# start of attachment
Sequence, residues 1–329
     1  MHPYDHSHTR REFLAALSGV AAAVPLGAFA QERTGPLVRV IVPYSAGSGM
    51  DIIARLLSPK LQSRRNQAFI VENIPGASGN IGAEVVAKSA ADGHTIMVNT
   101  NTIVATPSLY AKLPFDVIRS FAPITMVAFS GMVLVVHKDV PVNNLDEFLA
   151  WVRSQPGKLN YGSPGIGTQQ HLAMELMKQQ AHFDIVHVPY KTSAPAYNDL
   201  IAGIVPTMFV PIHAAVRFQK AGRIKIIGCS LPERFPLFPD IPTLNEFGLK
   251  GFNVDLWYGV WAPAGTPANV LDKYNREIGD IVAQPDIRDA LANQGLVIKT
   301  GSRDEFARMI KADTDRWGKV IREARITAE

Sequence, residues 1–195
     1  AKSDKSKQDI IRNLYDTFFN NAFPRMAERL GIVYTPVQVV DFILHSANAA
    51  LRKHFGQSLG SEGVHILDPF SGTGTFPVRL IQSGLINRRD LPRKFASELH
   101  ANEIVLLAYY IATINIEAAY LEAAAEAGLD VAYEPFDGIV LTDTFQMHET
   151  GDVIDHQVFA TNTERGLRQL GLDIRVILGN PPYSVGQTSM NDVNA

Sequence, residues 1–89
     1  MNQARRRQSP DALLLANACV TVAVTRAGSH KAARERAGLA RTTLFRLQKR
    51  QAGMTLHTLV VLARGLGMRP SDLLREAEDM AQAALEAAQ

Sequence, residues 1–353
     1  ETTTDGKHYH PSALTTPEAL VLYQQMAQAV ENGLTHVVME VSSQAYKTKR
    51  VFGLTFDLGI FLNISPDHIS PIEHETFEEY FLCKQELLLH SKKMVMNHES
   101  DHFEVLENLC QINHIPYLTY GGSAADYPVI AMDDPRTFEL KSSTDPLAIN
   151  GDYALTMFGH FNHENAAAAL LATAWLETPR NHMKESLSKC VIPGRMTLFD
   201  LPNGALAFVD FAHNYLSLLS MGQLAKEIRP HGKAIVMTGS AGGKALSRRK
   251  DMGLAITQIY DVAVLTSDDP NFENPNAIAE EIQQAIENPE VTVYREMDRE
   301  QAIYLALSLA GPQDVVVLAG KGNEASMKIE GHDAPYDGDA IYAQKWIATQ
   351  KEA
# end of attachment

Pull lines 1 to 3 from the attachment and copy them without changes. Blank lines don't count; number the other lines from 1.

Sequence, residues 1–329
     1  MHPYDHSHTR REFLAALSGV AAAVPLGAFA QERTGPLVRV IVPYSAGSGM
    51  DIIARLLSPK LQSRRNQAFI VENIPGASGN IGAEVVAKSA ADGHTIMVNT